Numbness in the fingers can have many different causes, from carpal tunnel syndrome to some types of neuropathy. In some cases, treatment may simply require a change in the way that a person uses their hands. However, medication or surgery may be necessary for cases with more complex underlying causes. The median nerve passes through it, and the pinching of this nerve can cause numbness, itching, or pain in the thumb, index finger, middle finger, and ring finger. Carpal tunnel syndrome often causes the hand to go numb while a person is sleeping because of the position that they hold it in. To diagnose carpal tunnel syndrome, a doctor will take a detailed medical history, asking about any other conditions that a person has, how they use the wrist, and if they have experienced any prior injuries.
Carpal tunnel syndrome is a common condition with numbness in hands. However, it is not the only cause of hand numbness. Other potential causes are listed below. Compression neuropathy is pressure on a nerve anywhere along its course Figure 1. In addition to numbness, compression neuropathy can cause weak or twitchy muscles. The pressure may come from many sources. It can occur after an injury due to bleeding or swelling.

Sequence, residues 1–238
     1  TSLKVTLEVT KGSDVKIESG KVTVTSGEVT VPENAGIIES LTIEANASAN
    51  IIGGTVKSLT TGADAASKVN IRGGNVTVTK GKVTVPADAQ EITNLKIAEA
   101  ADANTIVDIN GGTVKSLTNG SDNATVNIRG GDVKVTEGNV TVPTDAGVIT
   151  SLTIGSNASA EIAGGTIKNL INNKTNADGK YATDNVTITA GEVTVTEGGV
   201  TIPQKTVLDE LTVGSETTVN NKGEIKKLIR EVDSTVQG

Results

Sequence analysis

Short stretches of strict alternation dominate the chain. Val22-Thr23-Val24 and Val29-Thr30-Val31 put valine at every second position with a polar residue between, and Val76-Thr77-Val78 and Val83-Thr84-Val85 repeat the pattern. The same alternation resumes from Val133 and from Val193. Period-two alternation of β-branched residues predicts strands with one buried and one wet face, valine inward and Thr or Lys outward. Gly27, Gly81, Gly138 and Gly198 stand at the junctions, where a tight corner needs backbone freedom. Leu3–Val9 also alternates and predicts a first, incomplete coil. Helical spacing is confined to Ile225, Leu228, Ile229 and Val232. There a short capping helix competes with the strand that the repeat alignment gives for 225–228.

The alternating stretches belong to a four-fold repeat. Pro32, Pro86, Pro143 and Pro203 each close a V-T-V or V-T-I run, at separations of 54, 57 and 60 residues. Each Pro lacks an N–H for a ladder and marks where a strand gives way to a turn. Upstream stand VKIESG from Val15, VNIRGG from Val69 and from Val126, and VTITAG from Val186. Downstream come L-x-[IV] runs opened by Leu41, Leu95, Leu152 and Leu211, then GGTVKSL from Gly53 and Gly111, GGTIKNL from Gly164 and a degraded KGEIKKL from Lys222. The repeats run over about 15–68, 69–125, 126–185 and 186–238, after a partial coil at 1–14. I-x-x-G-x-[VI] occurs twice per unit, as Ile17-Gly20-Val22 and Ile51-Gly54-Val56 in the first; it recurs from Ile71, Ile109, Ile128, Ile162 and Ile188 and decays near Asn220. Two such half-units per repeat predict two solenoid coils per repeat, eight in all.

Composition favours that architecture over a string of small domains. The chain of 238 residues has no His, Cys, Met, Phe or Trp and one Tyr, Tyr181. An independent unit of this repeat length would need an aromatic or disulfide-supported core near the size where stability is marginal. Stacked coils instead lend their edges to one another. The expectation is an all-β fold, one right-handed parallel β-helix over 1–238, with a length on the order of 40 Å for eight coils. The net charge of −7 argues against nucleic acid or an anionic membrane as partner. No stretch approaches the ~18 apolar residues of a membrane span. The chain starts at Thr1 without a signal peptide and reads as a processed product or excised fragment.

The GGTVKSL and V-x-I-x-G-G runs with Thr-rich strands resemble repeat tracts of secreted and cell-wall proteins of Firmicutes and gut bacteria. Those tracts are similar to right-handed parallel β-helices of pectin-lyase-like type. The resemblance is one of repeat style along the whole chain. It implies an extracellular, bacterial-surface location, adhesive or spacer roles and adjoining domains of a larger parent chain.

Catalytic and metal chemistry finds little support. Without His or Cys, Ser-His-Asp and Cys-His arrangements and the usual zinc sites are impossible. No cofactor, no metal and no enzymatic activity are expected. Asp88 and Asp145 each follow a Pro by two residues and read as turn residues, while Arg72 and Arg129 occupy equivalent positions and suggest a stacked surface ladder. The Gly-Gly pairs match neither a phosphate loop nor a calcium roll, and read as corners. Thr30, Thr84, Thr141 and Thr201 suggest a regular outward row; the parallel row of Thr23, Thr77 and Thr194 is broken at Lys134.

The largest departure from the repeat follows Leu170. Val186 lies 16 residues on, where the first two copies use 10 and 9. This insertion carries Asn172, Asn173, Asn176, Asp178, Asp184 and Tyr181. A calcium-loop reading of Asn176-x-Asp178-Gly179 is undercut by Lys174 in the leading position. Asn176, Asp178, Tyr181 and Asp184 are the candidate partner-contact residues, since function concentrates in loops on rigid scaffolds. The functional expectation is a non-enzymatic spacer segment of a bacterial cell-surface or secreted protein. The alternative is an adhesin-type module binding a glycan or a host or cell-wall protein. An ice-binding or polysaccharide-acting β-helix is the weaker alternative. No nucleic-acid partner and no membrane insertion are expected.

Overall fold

Numbness and tingling are common problems, and the nerve supply to the thumb and hand is complicated. If you feel a numbness in your thumb or hand, nerve compression is a likely cause. While it is less common, it's important to know if the cause is something dangerous.
Carpal tunnel syndrome is caused by pressure on the median nerve. The carpal tunnel is a narrow passageway surrounded by bones and ligaments on the palm side of your hand. When the median nerve is compressed, the symptoms can include numbness, tingling and weakness in the hand and arm. The anatomy of your wrist, health problems and possibly repetitive hand motions can contribute to carpal tunnel syndrome.